Although 985 students in the Barnegat school district are eligible for the federal reduced-fee or free breakfast program, only 34 have taken advantage of it, according to a study done by the
The 985 students represent 31 percent of the district's total enrollment, which includes the elementary and middle schools and Barnegat High School.
If all eligible students were enrolled in the program, the district would be reimbursed $169,177 in federal funds, the study states.
State law mandates that all school districts where more than 20 percent
of students are eligible for the program must offer breakfast.
The study examined data of eligible school districts from around the
state. New Jersey ranks 46th nationwide for participants in the school
breakfast program, according to the study.
"School breakfast addresses a major barrier to learning," said Cecilia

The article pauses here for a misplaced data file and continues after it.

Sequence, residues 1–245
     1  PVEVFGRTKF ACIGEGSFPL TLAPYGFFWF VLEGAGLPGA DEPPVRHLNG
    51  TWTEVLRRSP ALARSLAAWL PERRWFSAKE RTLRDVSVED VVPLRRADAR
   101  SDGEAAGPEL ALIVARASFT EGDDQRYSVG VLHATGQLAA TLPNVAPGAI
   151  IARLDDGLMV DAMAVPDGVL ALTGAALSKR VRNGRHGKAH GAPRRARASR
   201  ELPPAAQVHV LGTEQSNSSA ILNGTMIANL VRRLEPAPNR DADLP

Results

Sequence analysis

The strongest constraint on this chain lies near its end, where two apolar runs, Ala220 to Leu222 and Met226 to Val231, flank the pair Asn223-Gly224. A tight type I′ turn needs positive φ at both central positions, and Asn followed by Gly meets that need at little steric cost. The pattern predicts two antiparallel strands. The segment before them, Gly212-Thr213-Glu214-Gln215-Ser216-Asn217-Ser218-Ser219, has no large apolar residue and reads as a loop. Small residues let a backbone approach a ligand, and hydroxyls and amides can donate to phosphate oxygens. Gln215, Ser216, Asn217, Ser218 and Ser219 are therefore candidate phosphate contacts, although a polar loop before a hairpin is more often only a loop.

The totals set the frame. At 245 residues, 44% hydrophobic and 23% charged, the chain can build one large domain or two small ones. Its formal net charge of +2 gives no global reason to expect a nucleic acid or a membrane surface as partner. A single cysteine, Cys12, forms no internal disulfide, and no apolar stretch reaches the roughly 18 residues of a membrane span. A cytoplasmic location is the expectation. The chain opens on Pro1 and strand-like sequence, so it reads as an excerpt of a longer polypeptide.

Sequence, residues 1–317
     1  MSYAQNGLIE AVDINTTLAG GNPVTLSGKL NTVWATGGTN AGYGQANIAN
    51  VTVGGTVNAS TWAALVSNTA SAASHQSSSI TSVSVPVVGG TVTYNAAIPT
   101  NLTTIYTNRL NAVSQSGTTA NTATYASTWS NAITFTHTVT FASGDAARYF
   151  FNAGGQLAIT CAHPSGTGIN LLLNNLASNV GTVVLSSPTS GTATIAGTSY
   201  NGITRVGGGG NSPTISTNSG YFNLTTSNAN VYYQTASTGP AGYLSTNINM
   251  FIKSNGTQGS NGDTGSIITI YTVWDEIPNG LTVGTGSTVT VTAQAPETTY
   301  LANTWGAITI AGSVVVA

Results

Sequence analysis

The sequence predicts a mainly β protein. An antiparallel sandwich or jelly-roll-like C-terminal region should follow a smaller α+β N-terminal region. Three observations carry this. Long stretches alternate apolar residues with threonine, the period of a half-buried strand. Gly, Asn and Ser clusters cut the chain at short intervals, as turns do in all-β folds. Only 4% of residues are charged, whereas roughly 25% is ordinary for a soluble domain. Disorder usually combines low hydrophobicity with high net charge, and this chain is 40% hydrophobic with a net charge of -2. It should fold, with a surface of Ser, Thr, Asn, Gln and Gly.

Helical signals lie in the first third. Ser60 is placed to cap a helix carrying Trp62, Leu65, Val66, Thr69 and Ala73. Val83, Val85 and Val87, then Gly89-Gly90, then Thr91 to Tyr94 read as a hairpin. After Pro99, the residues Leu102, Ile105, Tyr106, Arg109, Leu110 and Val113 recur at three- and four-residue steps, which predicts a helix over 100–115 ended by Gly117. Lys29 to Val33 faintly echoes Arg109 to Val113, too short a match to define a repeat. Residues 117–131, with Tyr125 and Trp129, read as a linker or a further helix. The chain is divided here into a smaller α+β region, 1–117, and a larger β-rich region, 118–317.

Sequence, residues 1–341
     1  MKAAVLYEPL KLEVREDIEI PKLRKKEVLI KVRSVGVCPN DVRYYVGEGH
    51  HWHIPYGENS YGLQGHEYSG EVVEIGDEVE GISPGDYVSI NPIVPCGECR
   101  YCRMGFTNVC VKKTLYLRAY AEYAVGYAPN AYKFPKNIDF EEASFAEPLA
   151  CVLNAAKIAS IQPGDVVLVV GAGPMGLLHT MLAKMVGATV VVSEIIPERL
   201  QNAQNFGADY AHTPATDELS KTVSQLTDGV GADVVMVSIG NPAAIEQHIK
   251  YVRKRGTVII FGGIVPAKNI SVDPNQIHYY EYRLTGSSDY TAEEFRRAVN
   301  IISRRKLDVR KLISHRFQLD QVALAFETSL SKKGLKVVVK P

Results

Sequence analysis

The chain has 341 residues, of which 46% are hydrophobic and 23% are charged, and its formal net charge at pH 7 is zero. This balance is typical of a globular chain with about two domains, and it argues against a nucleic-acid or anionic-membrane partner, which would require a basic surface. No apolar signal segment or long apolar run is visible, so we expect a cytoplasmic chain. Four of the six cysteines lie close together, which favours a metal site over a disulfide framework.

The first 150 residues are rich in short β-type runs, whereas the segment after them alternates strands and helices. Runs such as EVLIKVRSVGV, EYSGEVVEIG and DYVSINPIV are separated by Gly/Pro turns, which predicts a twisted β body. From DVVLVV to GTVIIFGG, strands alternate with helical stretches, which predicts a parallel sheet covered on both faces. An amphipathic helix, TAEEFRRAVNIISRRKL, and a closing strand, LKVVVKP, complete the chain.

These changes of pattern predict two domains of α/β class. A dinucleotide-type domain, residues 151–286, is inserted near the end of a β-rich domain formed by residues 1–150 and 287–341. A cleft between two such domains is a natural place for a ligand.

Zalkind, executive director of ACNJ, in a statement. "School districts
should be commended for stepping up to meet the school breakfast
challenge. Unfortunately, there is much work to do."
Zelkin said U.S. Census data showed that the number of low-income New
Jersey children has grown 19 percent in the past five years, meaning
more children that ever could be eligible.
The free and reduced meal program itself is funded by the federal
government and administered by the state Department of Agriculture.
County-wide, 34 percent of eligible students take advantage of the
program. In Stafford, 40 percent of eligible students ate at school; in
Berkeley, participation was up to 32 percent.
ACNJ is calling on school districts to encourage more families to sign
their children up for the program and begin serving breakfast after
school begins rather than before the day starts, when many children are
not present to eat.